My mom doesn’t get all this bathroom law stuff. I don’t either. Her question to me was “Where were these people who identified as women or men going to the bathroom before?” My assumption is they were going into the bathroom that suited the gender they identified with, which was probably also the gender they felt they were presenting to society and, in most cases, that matched the one society perceived them as.
There’s a lot of privacy within a bathroom, anyway. Outside of a bar or two where men line up and pee collectively into a latrine, you have your own urinal and usually a divider between yours and the man next to you. Women’s restrooms, I’m guessing, offer even more privacy. So what’s the fuss? I don’t know but I’ll guess.
Where do laws come from? Laws are formed out of a social consensus. We forget that, but even murder must have started, somewhere in ancient history, as a thing someone did and got a lot of flak from the rest of the community for doing (probably after it was done to someone with some clout or to someone related to someone with some clout), so much that it was decided a punishment ought to be imposed. Eventually imposing punishments for murders became habit. Then law.
The consensus has long been that people use the restroom for the gender they identify with, which is also the gender they feel they’re presenting to society and that matches the one society perceives them as, so the fuss is simply shifting consensus into law. Why should we? Because people deserve to feel safe. The consensus we’ve been operating under for some time is not disruptive. What would be disruptive is if people who identified as a certain gender, the one they felt they were presenting to society and the one that matched the one society perceived them as being, did an about-face and headed into the “wrong” but “legally right” restroom. That would cause an actual disruption. The consensus we’ve been operating under hasn’t been causing disruptions and it will continue not to.
I recently posted a favorite line from David Foster Wallace’s short story, “Forever Overhead”
The rule says one on the ladder at a time but the guard never shouts about it. The guard makes the real rules by shouting or not shouting.
Here the rule is you go to the bathroom that is the gender you are born into under some outdated idea about how binary gender is but the guard has long ago stopped shouting about it because consensus has adjusted to gender being more flexible. But men who might be legally defined as women and women who might be legally defined as men, but all of whom identify with the opposite gender as that and feel they’re presenting that opposite gender to society and are perceived by society as that gender are operating under the consensus we’ve reached and don’t want to be yelled at by the guard, and they deserve not to be.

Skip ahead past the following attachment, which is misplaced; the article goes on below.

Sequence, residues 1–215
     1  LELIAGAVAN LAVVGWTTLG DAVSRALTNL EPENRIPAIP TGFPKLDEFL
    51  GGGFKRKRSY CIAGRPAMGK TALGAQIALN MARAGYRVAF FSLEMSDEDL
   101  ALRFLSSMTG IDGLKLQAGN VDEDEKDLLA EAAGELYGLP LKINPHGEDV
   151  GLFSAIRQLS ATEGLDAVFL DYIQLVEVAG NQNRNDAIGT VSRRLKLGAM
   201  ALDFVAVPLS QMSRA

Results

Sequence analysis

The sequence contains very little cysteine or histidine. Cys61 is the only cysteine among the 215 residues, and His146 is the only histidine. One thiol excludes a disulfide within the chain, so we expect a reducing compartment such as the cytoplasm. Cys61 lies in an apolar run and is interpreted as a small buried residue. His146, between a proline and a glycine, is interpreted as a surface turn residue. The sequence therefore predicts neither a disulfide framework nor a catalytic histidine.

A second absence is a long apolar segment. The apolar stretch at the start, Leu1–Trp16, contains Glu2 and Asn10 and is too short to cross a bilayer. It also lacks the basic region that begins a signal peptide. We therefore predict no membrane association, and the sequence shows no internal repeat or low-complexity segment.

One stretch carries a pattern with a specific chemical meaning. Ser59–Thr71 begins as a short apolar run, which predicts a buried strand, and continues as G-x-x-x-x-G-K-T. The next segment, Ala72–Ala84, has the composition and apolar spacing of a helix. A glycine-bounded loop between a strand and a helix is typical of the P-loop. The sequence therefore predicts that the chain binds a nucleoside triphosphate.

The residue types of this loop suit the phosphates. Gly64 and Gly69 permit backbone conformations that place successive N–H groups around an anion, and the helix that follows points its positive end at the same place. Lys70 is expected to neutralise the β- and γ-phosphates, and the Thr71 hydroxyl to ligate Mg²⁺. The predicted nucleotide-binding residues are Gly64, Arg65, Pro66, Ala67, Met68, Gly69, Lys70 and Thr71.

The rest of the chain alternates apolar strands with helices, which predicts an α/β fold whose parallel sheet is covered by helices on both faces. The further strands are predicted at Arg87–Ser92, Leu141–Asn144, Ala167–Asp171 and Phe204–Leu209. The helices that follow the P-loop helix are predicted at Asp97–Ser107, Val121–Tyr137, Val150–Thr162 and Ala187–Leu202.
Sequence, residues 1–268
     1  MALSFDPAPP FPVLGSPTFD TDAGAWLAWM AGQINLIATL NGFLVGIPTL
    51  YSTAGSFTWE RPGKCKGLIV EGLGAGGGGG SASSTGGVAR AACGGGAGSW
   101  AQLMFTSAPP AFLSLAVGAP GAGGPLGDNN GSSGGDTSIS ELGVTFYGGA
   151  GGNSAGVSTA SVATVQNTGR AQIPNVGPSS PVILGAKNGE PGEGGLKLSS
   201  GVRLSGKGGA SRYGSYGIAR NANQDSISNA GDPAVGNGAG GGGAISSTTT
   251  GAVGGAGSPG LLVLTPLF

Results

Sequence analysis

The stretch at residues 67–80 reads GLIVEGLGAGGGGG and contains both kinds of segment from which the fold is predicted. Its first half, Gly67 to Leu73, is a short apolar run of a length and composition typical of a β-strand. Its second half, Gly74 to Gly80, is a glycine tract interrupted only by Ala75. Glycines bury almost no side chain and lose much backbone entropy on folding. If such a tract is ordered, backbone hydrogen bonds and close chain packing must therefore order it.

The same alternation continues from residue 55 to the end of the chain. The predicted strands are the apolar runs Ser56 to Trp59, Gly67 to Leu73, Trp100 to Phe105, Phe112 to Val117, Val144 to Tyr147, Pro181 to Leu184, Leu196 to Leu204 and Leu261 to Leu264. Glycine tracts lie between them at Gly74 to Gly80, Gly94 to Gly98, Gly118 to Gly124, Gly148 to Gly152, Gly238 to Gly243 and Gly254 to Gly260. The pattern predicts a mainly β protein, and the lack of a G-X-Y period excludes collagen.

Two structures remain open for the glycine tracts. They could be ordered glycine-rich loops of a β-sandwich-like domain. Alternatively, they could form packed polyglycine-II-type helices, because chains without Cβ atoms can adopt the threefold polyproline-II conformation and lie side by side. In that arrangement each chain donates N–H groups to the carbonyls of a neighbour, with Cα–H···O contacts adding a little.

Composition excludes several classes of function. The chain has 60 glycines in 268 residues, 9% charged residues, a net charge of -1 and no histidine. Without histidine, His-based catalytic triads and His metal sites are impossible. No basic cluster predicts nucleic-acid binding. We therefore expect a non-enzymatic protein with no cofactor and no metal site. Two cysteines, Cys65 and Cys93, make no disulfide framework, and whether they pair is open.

This feels strikingly similar to a recent law we’ve outgrown, Don’t Ask, Don’t Tell. It’s already mind boggling that this was an actual law on the books, from 1993-2011, according to Wikipedia. Gay people have been serving in militaries for as long as there have been militaries. What changes is the influence of homophobia on society, i.e. whether or not the guard has been shouting. That ridiculous and embarrassing law existed to placate homophobia. Until 2011, we were too uncomfortable to face the obvious reality that gay people served in the military so we told them not to tell us and we wouldn’t ask and we made that a law. The gender bathroom laws certain states are trying to implement are a similar knee jerk reaction not to any change in how people are going to the bathroom but to a frustration in an official change to the status quo. The consensus is just trying to get officially on the books, as I said, for the understandable reason that people operating under the consensus but officially against a law that’s not really a law anymore don’t want to suddenly get yelled at by some guard who uses the law as an excuse to be a bigot. And yelled at, in this case, actually means being brought up on legal charges for going to the expected, by consensus, bathroom. That’s what we’re changing by putting this officially on the books. Not the consensus we’ve been operating under for some time now but the real legal charges our fellow men and women could potentially face for doing exactly what we expect.
Changing the status quo is always hard. That’s cognitive dissonance at work. Our brains have been trained to the simplistic, binary definitions of gender we’ve been taught since birth. We’re easily threatened by official changes to that long-standing rule, even after that rule has stopped making intuitive sense, even after the guard has long since stopped yelling. It’s the one on a ladder at a time sign coming down well after it’s been established that more than one can be on the ladder at a time. Please join us in making this positive change. If it hurts, that it hurts is an illusion.